React offers an alternative for MVC frameworks, such as Angular or Backbone, with a more straightforward structure and a focus on performance optimization. As React will be surely defining the web development landscape in the coming years, in this article we would like to provide you with a developer toolkit to help you set foot in the realm of React development.
Facebook provides developers with a detailed documentation on the main concepts of React. Besides the docs, you can also find here a great tutorial on how to build an interactive tic-tac-toe game with React, and a discussion forum for React developers. As the docs are open-source, you can even edit them if you want.
If you want to give a quick try to React, you can start with this “Hello World” interactive demo on Codepen. It includes all the necessary assets and the starter code as well. As Babel is also on, you can use both ECMAScript 6 and the JSX syntax. Just fork this pen, and you can go ahead without having the set up the whole environment on your own.
The React Starter Kit is an isomorphic web app boilerplate built of Node.js, Express, GraphQL, React, and a handful web development tools, such as Webpack, Babel, and Browsersync. It provides you with the same frontend stack Facebook uses and allows you to jump into full-stack React development without too much hassle.
This is a great online playground if you want a place where you can start practicing React. It’s hosted on JSFiddle, and has two versions: one with JSX and one without JSX, choose whichever one you’re more comfortable with.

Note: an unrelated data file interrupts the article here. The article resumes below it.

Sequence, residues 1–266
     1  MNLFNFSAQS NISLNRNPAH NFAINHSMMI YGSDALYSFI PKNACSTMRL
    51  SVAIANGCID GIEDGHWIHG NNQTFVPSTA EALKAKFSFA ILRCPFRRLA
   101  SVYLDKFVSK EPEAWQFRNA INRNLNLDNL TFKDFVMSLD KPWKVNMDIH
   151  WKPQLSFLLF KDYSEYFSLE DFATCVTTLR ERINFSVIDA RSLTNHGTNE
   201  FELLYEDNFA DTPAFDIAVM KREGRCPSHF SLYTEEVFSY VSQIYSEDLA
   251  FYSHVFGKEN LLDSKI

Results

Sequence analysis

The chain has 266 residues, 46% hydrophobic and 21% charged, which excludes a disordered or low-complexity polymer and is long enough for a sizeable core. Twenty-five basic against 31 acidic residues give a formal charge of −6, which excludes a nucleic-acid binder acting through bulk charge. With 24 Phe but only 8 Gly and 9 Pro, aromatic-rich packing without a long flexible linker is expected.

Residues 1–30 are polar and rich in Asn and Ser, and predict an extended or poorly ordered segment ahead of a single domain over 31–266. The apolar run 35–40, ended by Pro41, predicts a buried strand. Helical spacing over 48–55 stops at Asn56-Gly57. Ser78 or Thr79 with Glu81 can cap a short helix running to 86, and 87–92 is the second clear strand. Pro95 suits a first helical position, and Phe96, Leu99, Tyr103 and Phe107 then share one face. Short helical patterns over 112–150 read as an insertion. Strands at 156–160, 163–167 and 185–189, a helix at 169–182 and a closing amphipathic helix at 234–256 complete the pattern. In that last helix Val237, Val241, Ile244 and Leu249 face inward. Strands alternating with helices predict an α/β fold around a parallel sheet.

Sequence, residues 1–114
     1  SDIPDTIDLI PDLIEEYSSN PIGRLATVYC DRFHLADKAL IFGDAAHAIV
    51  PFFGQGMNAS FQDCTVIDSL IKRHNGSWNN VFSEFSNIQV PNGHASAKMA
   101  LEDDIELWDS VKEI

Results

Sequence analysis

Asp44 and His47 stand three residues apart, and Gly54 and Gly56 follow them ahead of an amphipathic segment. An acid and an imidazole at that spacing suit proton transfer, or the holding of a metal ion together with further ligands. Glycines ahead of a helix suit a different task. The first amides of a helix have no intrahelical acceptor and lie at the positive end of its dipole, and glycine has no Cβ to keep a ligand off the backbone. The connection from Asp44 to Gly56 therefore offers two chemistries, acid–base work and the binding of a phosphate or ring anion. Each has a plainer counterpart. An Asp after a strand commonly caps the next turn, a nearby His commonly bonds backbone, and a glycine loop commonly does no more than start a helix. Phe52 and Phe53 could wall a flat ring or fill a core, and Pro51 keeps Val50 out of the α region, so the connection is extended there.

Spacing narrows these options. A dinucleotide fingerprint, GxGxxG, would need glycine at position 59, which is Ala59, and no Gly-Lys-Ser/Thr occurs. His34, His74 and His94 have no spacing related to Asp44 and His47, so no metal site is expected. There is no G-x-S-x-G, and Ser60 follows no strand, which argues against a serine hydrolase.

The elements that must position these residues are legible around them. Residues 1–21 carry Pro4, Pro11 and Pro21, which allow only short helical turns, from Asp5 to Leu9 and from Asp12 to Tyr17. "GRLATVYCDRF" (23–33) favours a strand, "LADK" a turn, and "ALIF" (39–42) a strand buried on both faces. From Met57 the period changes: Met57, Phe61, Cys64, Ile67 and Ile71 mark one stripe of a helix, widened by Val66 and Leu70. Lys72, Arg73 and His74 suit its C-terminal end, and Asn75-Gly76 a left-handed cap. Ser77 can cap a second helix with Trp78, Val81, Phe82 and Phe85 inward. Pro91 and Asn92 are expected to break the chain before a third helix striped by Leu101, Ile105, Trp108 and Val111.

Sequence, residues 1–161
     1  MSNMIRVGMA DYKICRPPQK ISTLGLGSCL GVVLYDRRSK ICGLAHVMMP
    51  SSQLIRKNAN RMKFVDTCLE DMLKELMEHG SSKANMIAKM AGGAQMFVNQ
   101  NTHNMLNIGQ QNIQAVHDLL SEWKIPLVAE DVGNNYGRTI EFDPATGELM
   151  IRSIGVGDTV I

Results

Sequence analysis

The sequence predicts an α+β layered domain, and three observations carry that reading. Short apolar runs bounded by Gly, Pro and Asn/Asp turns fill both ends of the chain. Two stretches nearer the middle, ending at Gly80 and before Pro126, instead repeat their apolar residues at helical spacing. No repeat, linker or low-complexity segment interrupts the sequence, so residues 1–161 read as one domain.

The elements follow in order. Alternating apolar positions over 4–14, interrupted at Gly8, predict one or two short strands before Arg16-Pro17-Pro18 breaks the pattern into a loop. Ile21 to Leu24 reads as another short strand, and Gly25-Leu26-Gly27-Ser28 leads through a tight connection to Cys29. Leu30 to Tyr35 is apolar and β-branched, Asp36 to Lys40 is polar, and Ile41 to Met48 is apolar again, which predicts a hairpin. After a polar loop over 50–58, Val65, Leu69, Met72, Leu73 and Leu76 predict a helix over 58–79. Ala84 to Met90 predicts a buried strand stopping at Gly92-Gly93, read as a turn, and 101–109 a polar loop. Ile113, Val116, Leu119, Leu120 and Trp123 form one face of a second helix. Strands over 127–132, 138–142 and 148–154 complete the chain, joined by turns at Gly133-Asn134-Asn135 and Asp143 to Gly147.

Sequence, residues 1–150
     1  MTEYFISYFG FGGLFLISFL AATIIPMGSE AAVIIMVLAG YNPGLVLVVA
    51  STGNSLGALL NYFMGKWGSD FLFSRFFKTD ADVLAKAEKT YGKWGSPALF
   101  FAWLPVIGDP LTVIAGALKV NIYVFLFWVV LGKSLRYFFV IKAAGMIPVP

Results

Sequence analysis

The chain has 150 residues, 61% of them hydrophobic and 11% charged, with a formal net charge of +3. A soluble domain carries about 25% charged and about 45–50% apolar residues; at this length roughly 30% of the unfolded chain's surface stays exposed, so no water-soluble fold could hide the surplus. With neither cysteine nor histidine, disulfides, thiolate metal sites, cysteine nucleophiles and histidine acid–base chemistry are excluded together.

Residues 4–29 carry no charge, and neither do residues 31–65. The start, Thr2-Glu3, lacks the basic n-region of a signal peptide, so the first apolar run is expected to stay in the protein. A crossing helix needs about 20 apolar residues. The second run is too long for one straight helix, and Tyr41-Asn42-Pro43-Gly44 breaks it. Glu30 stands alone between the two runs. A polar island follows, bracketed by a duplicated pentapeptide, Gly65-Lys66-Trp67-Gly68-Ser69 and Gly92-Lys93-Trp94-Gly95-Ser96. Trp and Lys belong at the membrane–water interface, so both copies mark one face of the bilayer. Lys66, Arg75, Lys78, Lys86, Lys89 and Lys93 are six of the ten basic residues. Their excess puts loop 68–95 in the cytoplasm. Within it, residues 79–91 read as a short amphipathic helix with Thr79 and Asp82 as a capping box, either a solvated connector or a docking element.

You can quickly generate a style guide for your React project with this easy-to-use React style guide generator. You only have to add a little documentation to your files, and the generator takes care of the rest. The tool comes with a detailed readme file.
Belle is a React component library that equips you with a set of React components you may want to use in your project, such as “Button”, “Card”, “Spinner”, “Toggle”, “Rating”, different form components, and others. The components work both on mobile and desktop, and they are customizable as well.
If you don’t want to use someone else’s component library but want to build your own, it’s worth giving a try to React StoryBook which is a UI development environment for React components. Storybook allows you to develop components interactively. It has an elaborate documentation, and you can get started with the development in the Storybook Hub.
React-Bootstrap integrates React with the popular Bootstrap 3 frontend framework. Its developers basically rebuilt Bootstrap components with React.js. This results in a cleaner code base with less repetition, and a higher performance.
Note that as the repo is under active development, the APIs will change in the future. For the current state of development, check out the roadmap of the project.
React DevTools for Chrome is an extension to Chrome Developer Tools and allows you to inspect component hierarchy. It was created by Facebook with the endeavour to assist the developer community in building new React apps. You can simply add it as a Chrome extension to your browser. You can browse the belonging source codeon Github as well.
You can add React support to your Atom code editor with this Atom React package. It comes with syntax highlighting, autocomplete, code snippets, HTML to JSX conversion, and some other useful features that can greatly facilitate React development.
There are many excellent & fairly inexpensive courses where you can learn React development, however you can enroll this React.js Fundamentals online course for completely free. It’s made up of 12 lessons, starts with the basics of React, and has a nice curriculum that covers all the important things.